|Reported as %||σy||σn||σtb/y|
This paper focuses on the business cycle properties of trade flows in EM. A key result of the earlier literature is that EM business cycles are characterized by strongly countercyclical trade balances. The innovation of my paper is to explore the role of the composition and cyclicality of trade flows and highlight differences with a group of developed economies. From the trade data I find that in a typical emerging economy capital good imports are procyclical, whereas exports tend to be acyclical. The paper then studies the dynamics of savings and investment in a model environment where countries import part of the capital stock. In contrast to earlier work on small open economy models, this model is able to generate a strongly countercyclical trade balance.
This research could be extended in several dimensions. From an empirical point of view, explaining why the cyclicality of exports differs across emerging and developed countries, is a line of research certainly worth pursuing. One could examine the presence and evolution of a common shock across countries and the role of trade as a transmission channel. From a model point of view, one could develop models documenting how emerging economies mature, and study the implications of this transition for the behavior of the trade balance, consumption and variety of exports at the product level.
AguiarMark and GitaGopinath2007 “Emerging market business cycles: the cycle is the Trend” Journal of Political Economy115 (1) pp. 69-102.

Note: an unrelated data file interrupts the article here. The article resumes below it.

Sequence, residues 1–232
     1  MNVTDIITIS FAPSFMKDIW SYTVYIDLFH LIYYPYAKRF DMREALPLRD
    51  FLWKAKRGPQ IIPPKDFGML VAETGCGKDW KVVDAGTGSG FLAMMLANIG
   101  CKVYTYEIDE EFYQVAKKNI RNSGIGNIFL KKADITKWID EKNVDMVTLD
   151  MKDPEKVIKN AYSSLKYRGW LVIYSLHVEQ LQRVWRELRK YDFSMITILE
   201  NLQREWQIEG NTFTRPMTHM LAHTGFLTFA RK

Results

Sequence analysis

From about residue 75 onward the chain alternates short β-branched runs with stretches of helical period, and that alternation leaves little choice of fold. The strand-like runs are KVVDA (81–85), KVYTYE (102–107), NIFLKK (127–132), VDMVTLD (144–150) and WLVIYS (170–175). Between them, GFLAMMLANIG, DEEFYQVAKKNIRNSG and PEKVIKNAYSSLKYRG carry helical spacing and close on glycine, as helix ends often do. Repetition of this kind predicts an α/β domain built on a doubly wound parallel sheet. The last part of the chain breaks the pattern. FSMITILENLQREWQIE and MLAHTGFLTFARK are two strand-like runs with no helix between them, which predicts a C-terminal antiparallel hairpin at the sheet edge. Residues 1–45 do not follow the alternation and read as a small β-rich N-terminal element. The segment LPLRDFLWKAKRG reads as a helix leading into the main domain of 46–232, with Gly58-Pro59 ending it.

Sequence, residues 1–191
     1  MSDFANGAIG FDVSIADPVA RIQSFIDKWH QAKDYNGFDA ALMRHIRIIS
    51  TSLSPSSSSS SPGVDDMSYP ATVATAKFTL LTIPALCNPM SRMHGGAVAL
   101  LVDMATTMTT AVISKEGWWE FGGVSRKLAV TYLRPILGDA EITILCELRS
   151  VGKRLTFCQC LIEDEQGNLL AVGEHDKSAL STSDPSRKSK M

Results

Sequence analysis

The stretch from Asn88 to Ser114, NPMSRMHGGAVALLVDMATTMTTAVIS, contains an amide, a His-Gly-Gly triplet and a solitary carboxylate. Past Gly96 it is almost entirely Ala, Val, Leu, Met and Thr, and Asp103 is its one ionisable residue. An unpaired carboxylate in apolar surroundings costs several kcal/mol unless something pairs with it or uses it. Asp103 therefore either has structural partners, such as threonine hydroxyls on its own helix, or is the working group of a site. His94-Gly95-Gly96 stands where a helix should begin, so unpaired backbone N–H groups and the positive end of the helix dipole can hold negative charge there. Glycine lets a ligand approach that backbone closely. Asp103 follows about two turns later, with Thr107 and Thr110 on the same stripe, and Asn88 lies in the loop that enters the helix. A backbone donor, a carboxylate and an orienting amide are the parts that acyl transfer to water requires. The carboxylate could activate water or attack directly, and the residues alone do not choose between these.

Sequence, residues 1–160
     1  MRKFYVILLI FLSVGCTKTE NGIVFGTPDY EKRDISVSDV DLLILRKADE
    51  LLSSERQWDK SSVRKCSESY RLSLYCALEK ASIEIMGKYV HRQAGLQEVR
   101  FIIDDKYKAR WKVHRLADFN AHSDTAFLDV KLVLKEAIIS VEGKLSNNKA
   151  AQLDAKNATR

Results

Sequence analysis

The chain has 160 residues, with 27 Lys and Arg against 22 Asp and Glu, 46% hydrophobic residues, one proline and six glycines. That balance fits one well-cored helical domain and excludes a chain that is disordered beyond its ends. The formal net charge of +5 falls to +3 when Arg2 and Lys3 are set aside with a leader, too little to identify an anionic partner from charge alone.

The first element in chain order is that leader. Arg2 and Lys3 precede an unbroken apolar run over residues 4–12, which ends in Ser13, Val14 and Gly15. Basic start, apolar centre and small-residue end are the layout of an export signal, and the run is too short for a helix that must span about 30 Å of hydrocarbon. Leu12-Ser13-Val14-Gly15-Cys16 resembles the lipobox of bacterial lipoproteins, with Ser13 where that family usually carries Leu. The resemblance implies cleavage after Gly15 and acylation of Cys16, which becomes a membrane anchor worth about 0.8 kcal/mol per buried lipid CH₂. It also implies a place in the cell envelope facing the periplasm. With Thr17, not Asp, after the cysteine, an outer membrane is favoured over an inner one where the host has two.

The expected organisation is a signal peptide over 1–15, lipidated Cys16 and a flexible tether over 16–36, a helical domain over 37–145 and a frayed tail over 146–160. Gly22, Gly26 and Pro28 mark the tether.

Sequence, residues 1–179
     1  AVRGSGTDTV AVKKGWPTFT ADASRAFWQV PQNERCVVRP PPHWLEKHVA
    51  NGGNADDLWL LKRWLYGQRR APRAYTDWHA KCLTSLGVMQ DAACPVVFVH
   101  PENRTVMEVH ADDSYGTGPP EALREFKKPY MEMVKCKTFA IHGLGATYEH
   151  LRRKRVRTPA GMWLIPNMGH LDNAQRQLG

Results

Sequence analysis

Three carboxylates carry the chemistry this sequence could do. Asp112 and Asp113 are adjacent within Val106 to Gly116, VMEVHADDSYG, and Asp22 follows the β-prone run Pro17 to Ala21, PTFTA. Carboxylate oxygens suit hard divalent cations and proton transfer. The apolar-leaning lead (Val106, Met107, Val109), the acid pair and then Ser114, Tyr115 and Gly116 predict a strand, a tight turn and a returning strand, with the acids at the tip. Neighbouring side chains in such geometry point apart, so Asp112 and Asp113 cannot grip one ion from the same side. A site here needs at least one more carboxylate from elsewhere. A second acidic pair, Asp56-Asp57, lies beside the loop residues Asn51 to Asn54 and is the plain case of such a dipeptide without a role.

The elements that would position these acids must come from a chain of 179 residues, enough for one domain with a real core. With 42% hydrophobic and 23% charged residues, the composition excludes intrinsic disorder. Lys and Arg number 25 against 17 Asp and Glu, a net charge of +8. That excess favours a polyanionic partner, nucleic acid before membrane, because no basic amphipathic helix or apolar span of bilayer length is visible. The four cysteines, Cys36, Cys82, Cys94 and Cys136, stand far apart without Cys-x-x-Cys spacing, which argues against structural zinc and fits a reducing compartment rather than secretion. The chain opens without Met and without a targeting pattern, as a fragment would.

BackusDavidPatrick JKehoe and Finn EKydland1992 “International Real Business Cycles” Journal of Political Economy100 (4) pp. 745-75.
BekaertGeert and Campbell R.Harvey2000 “Foreign Speculators and Emerging Equity Markets” Journal of Finance55 (2) pp. 565-613.
BemsRudolfs2008 “Aggregate Investment Expenditures on Tradable and Nontradable Goods” Review of Economic Dynamics11 (4) pp. 852-83.
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National Accounts Data
National accounts data are from the IMF International Financial Statistics (IFS). The emerging market classification follows the Standard and Poor’s and the International Finance Corporation (IFC).14 As in Neumeyer and Perri (2005), real variables for gross domestic product, consumption, gross fixed capital formation, imports and exports, are obtained by dividing nominal components of GDP by the GDP deflator.
Feenstra et al. (2005) present bilateral trade data by commodity for the period 1962-2000.15 The data are constructed from United Nations data over two periods: (i) 1962-83, where the data covers all trading partners and classification follows the Standard International Trade Classification (SITC) Rev.1 and (ii) UN comtrade data for 1984-2000, covering trade flows above $100,000 dollar per year from 72 reporter countries classified by SITC Rev. 2. The dataset updates the Statistics Canada World Trade Database with that difference that Feenstra et al. (2005) give priority to the trade flows reported by the importing country. Arguably these are more accurate than exporters’reports. If the importer report is not available then the corresponding exporter report is used.